SARAH VEST – STAFF WRITER
American poet Lucille Clifton once said that “one should wish to celebrate more than one wishes to be celebrated.” Enyeribe Ibegwam, the winner of the fourth annual Chautauqua Janus Prize, said that he was lucky to be able to spend last Friday at the winner’s ceremony “celebrating as well as being celebrated” and experiencing “double the delight.”
On Friday, July 30, Chautauqua Literary Arts celebrated the fourth annual winner of the Chautauqua Janus Prize on the CHQ Assembly Video Platform. The recording of the Winners’ Celebration is still available to view on demand. The prize is funded by Chautauquans Barbara and Twig Branch.
Sony Ton-Aime, the Michael I. Rudell Director of the Literary Arts, started the evening off with a description of what the Janus Prize judge looks for when selecting a piece of short fiction or nonfiction. The Chautauqua Janus Prize celebrates an emerging writer’s work for “daring, formal and aesthetic innovations that upset and reorder the reader’s imagination.”
The Janus Prize is named after the two-faced Roman god who looks to both the past and the future. The prize seeks to honor a writer with a command of craft that innovates the reader’s understanding of both.
According to Ton-Aime, Ibegwam’s winning piece — “After School Hours” — captures the essences of the price with a short story that features protagonists who are looking to the future as immigrants in a new country, while simultaneously reckoning with their past and their country of origin’s way of life.
“It is a timely and timeless story,” Ton-Aime said.
This year’s judge was Rion Amilcar Scott. He is the author of the story collection The World Doesn’t Require You, a finalist for the PEN/Jean Stein Book Award and winner of the 2020 Towson University Prize for Literature. His debut story collection, Insurrections (University Press of Kentucky, 2016), was awarded the 2017 PEN/Bingham Prize for Debut Fiction and the 2017 Hillsdale Award from the Fellowship of Southern Writers. His work has been published in places such as The New Yorker, The Kenyon Review, Crab Orchard Review, Best Small Fictions and The Rumpus. He has received fellowships from Bread Loaf Writers’ Conference, Kimbilio and the Colgate Writing Conference as well as a 2019 Maryland Individual Artist Award. Currently he teaches creative writing at the University of Maryland.
Scott said that “After School Hours” was one of the first pieces that he read when he was going through all the submissions and that it made him forget he was reading a story.
“The sentences just float and they flow in a river in such a rhythmic way that you’re placed within the story,” Scott said. “The other thing about the story was it has these echoes of ancient stories. It’s a coming of age story, but it’s also a ‘cast out of Paradise’ story, as old as Adam and Eve.”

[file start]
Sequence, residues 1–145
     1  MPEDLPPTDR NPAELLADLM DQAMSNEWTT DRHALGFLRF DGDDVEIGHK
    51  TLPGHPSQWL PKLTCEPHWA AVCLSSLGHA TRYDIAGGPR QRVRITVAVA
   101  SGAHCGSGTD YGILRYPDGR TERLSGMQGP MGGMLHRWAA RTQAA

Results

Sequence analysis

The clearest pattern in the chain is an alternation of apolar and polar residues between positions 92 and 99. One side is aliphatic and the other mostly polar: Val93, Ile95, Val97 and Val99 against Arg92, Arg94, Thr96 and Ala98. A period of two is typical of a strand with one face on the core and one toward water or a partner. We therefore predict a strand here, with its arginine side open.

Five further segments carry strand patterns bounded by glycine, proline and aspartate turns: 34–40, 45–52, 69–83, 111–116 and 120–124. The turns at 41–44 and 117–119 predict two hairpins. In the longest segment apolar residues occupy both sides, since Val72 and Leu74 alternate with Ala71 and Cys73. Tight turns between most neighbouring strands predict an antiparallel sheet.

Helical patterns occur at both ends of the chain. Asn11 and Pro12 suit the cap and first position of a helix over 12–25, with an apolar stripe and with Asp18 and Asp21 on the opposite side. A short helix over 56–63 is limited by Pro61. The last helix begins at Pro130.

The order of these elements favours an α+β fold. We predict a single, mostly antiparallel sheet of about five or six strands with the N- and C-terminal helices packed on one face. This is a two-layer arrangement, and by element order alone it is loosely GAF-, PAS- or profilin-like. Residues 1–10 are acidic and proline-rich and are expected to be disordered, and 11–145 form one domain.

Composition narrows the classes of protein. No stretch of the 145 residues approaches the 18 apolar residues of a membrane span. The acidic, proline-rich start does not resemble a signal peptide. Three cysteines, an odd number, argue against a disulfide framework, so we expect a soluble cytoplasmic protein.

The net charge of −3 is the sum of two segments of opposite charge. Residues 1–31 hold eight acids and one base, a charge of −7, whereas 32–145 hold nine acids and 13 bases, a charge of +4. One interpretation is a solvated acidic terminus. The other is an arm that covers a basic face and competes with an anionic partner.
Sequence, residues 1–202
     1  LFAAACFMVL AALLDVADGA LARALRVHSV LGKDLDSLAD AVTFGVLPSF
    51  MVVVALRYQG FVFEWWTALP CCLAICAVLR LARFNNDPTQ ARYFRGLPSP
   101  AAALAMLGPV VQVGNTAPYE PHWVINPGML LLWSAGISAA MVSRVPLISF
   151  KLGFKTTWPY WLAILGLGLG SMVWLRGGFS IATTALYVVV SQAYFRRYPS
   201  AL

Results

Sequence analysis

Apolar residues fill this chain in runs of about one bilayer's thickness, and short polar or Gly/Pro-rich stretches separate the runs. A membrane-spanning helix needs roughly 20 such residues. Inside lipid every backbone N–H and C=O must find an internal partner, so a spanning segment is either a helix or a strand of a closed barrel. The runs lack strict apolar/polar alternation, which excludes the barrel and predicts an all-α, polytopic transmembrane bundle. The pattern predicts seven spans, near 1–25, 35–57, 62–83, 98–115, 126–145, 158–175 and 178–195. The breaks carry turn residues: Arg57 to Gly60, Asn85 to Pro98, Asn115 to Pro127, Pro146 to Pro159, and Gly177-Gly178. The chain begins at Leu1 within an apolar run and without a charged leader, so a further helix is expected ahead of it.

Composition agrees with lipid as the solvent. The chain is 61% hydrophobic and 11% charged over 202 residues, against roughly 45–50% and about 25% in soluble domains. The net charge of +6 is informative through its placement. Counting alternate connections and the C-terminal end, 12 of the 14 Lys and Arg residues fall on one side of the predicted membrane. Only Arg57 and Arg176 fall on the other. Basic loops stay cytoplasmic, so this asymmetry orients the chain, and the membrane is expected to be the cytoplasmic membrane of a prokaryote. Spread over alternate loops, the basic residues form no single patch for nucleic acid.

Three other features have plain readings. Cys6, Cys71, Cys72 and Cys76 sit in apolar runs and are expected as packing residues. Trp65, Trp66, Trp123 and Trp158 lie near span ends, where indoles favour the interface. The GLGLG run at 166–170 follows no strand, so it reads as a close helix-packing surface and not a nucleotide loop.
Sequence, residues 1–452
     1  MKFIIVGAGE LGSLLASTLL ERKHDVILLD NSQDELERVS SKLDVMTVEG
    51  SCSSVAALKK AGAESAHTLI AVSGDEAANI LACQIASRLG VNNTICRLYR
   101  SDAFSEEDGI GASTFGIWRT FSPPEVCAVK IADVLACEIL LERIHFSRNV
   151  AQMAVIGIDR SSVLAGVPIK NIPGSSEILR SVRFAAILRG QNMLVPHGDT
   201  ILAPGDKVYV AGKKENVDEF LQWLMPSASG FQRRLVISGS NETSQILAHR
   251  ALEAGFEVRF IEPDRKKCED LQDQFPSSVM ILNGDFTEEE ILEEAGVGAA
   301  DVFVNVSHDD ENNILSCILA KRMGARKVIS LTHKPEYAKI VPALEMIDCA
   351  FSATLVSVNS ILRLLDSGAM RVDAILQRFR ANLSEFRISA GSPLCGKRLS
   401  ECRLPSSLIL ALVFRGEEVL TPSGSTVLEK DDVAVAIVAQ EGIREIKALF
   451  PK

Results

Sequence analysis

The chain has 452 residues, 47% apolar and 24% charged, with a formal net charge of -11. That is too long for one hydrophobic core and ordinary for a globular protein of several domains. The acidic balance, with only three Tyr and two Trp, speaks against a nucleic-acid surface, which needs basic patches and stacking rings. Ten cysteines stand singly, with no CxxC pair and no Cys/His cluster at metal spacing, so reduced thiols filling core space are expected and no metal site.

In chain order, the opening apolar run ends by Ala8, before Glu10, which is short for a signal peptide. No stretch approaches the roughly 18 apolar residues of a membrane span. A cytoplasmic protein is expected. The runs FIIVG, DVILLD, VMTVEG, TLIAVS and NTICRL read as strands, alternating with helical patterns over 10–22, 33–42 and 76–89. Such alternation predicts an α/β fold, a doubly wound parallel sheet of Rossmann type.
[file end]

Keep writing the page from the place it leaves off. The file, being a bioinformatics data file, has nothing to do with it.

Scott added that the story brought him back to his own youth, living as a part of an immigrant in the Washington D.C. area. He said that Ibegwam “captures beautifully and wonderfully and very truthfully” that experience.
The digital microphone was passed to Ibegwam, who told an anecdote from his childhood. He talked about how his father used to always tell him to “go outside and play.” He grew up in Lagos, Nigeria, a neighborhood where going outside meant seeing other people. Ibegwam said that, to tell the truth, “the lives of other people seemed much more enticing to (him) than (his own).”
He talked about neighbors who practiced religions where they wore flowing white gowns that confused his Roman Catholic brain, neighbors who had a monkey as a pet and a woman from Sri Lanka who did not want to be called “Auntie” like all the other women on the street, but wanted to be called “Mrs. B.” He said that this act of watching the world around him is what allowed him to develop his imagination and begin to see himself in the shoes of his neighbors.
He went on to turn this into a lesson of sorts about parenting, saying that the real difficulty faced by people, parents in particular, is that children are not allowed to go outside and play anymore. The reason, according to Ibegwam, is that there is a desire to shield children from “the sharp angularity of the world, such as the big bad wolf lurking in the bushes.”
He said people have to believe that allowing children to be on their own isn’t enough, that we shouldn’t stuff their faces with technology like cellphones and tablets, even in the aisles of grocery stores or sitting at the kitchen table.
“It’s as though if we do it well enough for long enough, that (children) will grow up without knowing that sometimes even ugly ducklings from Hans Christian Andersen’s stories just end up becoming ugly ducks,” Ibegwam said.
He argued that shielding them from difficulty is doing a disservice to today’s youth, and that if they were allowed to see some of the ugliness in the world, adults would be able to turn “sympathy into empathy” and create children who “will be unafraid to love to lose love, and to love again, to be unafraid to walk alone.”